Tom Moser is asking 37 young performers to grow up, in a hurry.
“I don’t want to see 12-year-olds,” he called to the cast of Youth @ Performing Arts during a Sunday rehearsal for Disney’s “High School Musical.”
“You’re all 18!” he commanded.
They’re not all 12; members of the YPA cast, who stage the musical May 14 through 16, range from fourth to eighth grade, with one high school student.
“I’m pushing you now, for a reason,” Moser said. “I need you to act older. When you’re 12 or 14, being 18’s cool.”
“High School Musical” is beyond cool. It’s hot, the new adolescent coming-of-age standard presented on stages across America, each production fueled by the nonstop frenzy of young people.
Moser demands the energy.
“What’s the main theme?” he asked the troupe during a break and before pizza at the Ina Road studio of Gotta Dance.
“It’s time to free us,” said one actor.
“Is it?” Moser replied. “I don’t think you know what you’re saying. If you have that in your mind, that’s what you’re communicating to the audience. What’s the message? You can do anything you want. You’re breaking free. That’s what you’re selling.”
Moser’s belief in the possibilities of youth is fundamental to Youth @ Performing Arts. For “High School Musical,” Moser, artistic director Joyce Rychener and others have created three casts. Each night, there are different lead actors.
“All the young people have a chance to shine,” Moser said.
“We want to give as many kids a chance to have a major role as we can,” Rychener agreed.
“It comes from our real purpose here,” Moser said. “Number one, we’re inclusive. We believe everyone is capable.”
When kids show an interest in theater, they audition.
“It’s not a talent audition, it’s a heart audition,” Moser said. “If they really, really want to do it, that is key.”
Kory Chinn, 12, a student at Coronado K-8 School, really wants to do it. He’s become a veteran of YPA productions.
“I like acting,” said Chinn, who plays Ripper, a skater, and Zeke, a basketball player who wants to be a baker, in “High School Musical.” “It gives me the chance to let my personality flow and be someone I’m not.”
Chinn sees the crossover from the stage to life. “In school, from this play, I’ve learned I can just be myself and do what I want to without anybody telling me. I can break free.”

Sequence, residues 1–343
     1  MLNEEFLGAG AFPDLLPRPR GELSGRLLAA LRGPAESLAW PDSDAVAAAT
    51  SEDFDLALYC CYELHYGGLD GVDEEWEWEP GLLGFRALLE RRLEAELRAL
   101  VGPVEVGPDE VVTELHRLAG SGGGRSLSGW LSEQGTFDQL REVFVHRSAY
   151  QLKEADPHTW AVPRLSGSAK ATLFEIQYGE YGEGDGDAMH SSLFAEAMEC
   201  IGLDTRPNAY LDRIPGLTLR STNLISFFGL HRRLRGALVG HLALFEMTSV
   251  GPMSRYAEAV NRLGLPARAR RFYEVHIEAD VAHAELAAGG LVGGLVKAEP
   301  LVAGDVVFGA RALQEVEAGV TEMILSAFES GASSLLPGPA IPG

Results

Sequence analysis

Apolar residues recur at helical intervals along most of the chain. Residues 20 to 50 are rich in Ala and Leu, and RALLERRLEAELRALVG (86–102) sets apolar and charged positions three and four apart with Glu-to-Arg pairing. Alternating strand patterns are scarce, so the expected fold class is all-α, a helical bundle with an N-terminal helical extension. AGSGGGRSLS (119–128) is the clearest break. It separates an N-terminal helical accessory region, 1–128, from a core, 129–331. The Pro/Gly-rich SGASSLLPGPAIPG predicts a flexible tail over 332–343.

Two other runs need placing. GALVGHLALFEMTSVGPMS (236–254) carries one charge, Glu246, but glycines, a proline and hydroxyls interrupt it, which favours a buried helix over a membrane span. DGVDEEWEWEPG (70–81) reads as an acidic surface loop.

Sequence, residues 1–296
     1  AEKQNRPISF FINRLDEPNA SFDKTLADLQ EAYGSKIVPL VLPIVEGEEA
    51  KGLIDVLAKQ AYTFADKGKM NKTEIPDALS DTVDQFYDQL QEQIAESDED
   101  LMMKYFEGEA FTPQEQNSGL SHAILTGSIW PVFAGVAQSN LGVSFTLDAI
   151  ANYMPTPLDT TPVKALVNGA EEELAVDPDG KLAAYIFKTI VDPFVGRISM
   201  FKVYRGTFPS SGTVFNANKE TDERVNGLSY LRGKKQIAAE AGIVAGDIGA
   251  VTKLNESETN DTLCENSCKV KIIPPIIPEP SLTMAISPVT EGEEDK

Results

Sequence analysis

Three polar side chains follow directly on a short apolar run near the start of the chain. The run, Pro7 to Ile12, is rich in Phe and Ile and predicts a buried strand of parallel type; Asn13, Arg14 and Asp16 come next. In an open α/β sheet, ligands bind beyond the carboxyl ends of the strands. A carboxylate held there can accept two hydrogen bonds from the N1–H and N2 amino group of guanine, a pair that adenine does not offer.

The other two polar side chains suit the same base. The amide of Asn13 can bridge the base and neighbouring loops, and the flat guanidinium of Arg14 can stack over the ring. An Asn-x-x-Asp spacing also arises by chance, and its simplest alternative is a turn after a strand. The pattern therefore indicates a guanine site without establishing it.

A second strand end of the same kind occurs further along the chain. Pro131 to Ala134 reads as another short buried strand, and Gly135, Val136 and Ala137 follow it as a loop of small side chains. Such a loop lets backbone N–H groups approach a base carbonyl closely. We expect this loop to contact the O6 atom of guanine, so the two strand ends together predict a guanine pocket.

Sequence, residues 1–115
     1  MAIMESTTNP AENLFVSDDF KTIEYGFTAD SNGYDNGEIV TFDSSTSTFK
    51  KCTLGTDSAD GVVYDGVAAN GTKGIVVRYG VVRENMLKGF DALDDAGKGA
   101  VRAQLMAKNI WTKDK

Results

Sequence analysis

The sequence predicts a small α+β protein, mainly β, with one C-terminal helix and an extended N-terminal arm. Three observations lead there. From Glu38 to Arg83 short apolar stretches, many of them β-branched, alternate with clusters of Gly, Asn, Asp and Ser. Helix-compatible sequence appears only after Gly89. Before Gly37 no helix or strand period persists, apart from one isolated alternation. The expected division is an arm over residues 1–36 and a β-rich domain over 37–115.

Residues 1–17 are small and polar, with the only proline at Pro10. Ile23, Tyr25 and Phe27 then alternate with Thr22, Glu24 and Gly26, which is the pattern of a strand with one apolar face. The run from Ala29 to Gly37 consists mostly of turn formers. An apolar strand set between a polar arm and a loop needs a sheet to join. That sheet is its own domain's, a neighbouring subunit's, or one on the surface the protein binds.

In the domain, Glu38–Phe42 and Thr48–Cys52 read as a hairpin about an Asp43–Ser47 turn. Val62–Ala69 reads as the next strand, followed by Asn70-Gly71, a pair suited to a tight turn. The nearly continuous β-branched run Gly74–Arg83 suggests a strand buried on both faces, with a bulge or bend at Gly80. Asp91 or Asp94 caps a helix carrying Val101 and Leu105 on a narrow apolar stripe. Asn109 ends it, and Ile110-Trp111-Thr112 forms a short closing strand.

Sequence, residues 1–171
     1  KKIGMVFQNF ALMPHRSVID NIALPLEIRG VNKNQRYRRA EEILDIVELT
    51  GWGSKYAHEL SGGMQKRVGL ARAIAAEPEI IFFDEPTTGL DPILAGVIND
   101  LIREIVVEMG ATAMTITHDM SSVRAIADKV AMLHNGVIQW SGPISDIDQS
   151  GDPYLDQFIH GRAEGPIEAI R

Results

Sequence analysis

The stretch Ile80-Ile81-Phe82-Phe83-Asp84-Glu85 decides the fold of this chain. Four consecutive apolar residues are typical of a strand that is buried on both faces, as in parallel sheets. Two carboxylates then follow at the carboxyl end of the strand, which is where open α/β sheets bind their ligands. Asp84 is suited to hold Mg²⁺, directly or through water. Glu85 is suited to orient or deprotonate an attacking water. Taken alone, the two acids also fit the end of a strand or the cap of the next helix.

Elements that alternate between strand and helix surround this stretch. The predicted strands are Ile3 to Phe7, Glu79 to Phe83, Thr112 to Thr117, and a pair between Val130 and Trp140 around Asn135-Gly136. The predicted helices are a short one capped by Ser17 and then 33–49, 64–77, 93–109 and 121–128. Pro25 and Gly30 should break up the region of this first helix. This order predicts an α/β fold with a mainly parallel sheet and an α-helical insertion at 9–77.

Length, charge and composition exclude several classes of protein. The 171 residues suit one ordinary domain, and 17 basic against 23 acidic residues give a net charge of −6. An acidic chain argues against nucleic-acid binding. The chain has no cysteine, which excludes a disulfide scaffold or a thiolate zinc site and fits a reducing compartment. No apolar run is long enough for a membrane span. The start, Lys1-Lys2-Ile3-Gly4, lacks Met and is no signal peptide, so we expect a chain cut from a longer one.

“The play really does have some interesting messages,” Rychener said. Kids learn to “care more about what they really want to do, to break out of molds and expectations.”
Kelsey Glass, 13, another Coronado student, is in the role of Sharpay, president of the drama club, the “rich, stuck-up girl of the school. She thinks she’s all that, perfect, and that everyone loves her. I’m not like that.”
For Glass, the acting experience has made it “a lot easier to talk in front of people and not be nervous,” she said. “And I’ve made a lot of friends through here.”
“I’ve seen her become much more outgoing and outspoken,” Rychener said.
“You can speak in front of people and don’t have stage fright,” agreed Jack Crawford, 13, an outgoing Coronado student who plays Sharpay’s shy brother, Ryan.
YAP, including young actors and their parents, has been working on “High School Musical” once a week since January. Behind the scenes, there are parent and volunteer set builders, sound technicians, costume makers and more.
“This isn’t my thing, it’s really a community thing,” Moser said.
“There isn’t a community theater in Oro Valley, so we’re just doing it,” Rychener said.
YAP has purchased velvet curtains and a thrust stage that doubles the size of the St. Andrew’s stage. The church can use those improvements as well.
Youth @ Performing Arts began in August 2007 as an outgrowth of the theater work Moser did for 25 years as an elementary classroom teacher. Many of his current cast members were his students.
There is one production each May.
Chinn says there’s more singing and dancing in “High School Musical” than “Annie” and “Aladdin Jr.,” two previous shows he’s done. “It’s fun. I normally feed off the audience. That’ll be easier with a larger venue.”
He’ll work to “rally my cast members and get them excited for the play.”
Moser does the same, in rehearsal.
“I hear the girls,” the director said during a song. “Boys?”
And they grow louder.